29 Jul GE joins forces with Biosense Webster
“Clinicians have told us they needed a way for monitoring and three-dimensional mapping systems to communicate,” said Mike Genau, vice president of cardiology systems for GE Medical Systems Information Technologies. “We believe this interface will improve clinicians’ ability to diagnose cardiac disease and enhance patient care.”
Until now, clinicians conducting EP studies have had to work with physically separate and electronically isolated systems for cardiac monitoring and three-dimensional mapping, which simultaneously assess the electrical properties of the heart muscle with the anatomy of the heart. To review cases, they have had to shuttle back and forth between workstations. The combined system allows the monitoring and three-dimensional mapping systems to share information in real time.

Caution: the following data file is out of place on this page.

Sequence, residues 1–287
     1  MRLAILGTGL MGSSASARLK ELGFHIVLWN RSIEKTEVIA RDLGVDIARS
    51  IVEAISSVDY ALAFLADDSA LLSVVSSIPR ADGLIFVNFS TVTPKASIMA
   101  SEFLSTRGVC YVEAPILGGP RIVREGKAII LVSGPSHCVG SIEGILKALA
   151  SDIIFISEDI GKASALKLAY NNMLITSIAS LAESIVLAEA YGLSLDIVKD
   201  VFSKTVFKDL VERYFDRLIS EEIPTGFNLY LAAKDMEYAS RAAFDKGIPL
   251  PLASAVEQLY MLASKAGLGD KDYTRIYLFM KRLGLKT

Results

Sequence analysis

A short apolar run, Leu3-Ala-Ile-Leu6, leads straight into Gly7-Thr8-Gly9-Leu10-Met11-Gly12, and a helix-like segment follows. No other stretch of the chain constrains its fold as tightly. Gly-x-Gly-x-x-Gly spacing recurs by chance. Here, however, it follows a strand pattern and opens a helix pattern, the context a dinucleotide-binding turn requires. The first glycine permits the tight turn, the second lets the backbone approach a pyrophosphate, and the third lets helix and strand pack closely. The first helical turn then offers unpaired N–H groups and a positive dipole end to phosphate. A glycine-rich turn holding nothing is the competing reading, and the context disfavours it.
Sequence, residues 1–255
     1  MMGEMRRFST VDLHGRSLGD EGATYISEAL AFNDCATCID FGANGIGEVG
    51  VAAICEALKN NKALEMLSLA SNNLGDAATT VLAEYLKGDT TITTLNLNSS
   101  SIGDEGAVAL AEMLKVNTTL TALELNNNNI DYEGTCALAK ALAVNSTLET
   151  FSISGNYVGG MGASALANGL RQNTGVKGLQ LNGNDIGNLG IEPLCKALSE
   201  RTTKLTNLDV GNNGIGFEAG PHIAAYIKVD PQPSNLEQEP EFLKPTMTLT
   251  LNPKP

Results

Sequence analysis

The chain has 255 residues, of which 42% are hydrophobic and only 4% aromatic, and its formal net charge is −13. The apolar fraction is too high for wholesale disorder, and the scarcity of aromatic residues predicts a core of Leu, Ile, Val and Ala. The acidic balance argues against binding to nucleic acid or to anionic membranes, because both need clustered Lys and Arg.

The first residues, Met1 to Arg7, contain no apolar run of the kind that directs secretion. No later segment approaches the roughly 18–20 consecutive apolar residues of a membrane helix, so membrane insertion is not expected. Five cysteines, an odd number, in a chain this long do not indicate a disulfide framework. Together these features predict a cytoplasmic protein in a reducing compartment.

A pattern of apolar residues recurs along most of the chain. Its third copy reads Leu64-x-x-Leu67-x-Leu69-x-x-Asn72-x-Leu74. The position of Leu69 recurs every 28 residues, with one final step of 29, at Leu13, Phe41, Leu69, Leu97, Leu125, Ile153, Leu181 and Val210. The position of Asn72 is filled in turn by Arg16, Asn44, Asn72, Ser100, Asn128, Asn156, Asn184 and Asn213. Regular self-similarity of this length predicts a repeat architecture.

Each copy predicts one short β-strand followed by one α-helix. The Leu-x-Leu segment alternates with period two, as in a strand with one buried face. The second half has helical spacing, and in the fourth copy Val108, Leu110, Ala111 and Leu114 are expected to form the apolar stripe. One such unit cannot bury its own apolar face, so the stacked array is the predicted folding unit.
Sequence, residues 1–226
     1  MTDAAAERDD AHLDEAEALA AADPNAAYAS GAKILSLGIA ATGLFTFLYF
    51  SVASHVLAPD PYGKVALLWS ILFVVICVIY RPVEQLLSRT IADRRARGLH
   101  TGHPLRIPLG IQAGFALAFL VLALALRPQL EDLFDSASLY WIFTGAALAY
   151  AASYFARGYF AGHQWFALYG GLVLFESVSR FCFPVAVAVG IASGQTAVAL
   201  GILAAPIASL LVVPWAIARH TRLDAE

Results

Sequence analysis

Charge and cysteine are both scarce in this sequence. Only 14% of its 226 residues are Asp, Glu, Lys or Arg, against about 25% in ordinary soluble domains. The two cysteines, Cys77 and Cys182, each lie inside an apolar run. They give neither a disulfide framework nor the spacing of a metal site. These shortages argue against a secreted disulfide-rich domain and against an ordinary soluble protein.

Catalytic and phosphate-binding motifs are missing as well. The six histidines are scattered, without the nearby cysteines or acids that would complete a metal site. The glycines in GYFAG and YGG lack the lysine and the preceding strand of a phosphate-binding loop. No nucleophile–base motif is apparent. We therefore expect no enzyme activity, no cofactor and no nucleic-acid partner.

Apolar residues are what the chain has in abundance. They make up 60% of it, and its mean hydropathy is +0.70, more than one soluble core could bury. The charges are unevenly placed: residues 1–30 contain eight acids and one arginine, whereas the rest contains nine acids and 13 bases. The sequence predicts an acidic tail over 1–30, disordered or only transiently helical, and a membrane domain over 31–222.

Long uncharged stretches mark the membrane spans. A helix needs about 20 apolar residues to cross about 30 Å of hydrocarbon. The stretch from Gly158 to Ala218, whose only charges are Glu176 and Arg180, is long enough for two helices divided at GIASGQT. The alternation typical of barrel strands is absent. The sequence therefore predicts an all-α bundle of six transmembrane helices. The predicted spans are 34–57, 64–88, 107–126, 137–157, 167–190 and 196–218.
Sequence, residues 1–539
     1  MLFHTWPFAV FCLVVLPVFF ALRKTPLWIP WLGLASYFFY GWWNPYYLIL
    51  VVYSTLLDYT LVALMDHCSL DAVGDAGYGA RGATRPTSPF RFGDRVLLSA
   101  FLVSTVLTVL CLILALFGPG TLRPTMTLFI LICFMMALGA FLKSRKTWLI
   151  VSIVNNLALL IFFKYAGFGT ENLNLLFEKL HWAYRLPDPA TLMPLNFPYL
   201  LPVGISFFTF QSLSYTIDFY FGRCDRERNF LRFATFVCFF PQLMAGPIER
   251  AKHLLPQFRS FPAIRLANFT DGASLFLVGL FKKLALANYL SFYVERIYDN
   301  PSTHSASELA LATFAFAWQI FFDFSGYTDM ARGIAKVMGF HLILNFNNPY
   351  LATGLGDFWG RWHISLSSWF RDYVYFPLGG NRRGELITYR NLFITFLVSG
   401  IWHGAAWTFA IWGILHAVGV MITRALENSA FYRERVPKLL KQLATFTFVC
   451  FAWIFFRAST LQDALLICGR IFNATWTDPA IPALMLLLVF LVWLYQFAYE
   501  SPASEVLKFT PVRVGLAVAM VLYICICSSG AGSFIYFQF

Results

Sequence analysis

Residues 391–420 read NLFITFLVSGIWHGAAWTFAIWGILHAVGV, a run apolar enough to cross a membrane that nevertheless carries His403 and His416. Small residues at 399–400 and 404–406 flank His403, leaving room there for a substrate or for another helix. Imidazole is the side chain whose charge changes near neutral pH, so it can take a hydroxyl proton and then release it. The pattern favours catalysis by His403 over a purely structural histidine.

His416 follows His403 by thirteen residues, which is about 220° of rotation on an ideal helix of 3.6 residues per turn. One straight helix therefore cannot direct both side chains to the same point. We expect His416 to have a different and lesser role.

GE anticipates that clinicians will be able to share patient demographics between the two systems and access one complete case report form.
Mark Josephson, M.D., Chief of the Cardiovascular Division at Beth Israel Deaconess Medical Center, said he was pleased to learn that GE and Biosense Webster were working on the interface. “For some time, EP physicians have seen a need for communication between three-dimensional mapping and monitoring stations,” Josephson said. “I believe this interface has potential to provide clinical value and to create workflow efficiencies in the EP lab. I look forward to seeing the result of the alliance.”
Lincoln Brunner is a Stevens Point, Wisconsin-based freelance writer and a regular contributor to the Wisconsin Technology Network. He can be reached at Lincoln@wistechnology.com.